amount of reading material to wade through. In Jurists, we have a caregivers
seminar wherein we advise the examinees families and friends of the difficulty
of the bar examination and the need to give understanding and support to the
examinee during the bar review and examinationperiod.
your list of reviewers after your graduation and buy those that you do not
have. Get the opinion of professors and last years bar examinees as they are
the best judges of law reviewers and can give you the pros and cons of a
particular reviewer. As for the copious annotations or comments that you used
as textbooks during your first 3 years in law school, consult them only when
you want to clear up something which you cannot understand from your
reviewer. In short, avoid reading them as much as possible. If you have to
transfer residence in order to review, I suggest you dont lug them with you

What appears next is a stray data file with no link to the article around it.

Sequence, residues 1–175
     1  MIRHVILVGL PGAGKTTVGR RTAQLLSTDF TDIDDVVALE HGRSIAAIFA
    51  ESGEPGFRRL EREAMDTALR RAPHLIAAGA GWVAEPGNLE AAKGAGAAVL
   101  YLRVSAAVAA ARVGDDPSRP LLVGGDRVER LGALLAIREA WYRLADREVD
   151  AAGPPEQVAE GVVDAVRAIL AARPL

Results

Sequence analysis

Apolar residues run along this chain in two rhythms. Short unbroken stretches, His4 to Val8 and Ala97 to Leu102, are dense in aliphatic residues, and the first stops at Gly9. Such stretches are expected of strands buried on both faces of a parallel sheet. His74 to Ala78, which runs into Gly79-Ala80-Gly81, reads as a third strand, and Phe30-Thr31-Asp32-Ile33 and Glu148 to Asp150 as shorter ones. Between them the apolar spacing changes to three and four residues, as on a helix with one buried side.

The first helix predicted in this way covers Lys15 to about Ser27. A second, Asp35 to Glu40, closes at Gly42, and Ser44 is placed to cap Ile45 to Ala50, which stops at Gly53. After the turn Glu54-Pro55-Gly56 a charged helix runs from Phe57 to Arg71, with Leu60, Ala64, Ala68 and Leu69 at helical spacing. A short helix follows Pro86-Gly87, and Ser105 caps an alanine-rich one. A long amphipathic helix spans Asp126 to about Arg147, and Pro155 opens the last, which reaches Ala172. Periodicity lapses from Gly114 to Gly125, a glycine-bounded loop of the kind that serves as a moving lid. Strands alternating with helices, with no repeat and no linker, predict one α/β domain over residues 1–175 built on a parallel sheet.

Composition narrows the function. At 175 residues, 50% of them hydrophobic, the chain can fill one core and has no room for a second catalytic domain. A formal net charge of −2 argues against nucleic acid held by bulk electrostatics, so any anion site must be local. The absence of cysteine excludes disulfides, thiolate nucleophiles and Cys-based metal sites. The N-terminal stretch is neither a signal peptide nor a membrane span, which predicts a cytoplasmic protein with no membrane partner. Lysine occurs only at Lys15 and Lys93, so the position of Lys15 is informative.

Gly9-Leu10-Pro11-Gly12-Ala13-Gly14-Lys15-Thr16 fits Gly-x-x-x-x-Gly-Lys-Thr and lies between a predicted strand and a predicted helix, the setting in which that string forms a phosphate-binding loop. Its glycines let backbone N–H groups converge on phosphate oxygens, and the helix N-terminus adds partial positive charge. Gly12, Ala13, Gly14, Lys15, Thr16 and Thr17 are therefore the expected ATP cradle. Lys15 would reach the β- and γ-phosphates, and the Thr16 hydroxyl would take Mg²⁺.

anymore. They will just clutter up your study area and have a distracting
PREPARE A BAR REVIEW SCHEDULE. A bar-review schedule is your
roadmap to navigating the six months of bar review. When you are enrolled in
a bar review center, synchronize your schedule with the bar review centers
schedule otherwise you will not be reviewing effectively. In this regard, choose
a bar review center wherein there is a topical continuity in the schedule, that
is, where one particular bar exam subject is discussed at a time before
proceeding to another bar exam subject. Avoid bar review centers with a
mish-mash schedule where for example negotiable instruments is discussed
on one day, the labor relations in the next day, and civil procedure in the day
after next. My advice is that you study one bar exam subject before going to
another. Some advise reviewing one subject in the first half of the day (say
remedial law) and then another (say commercial law) in the second half of the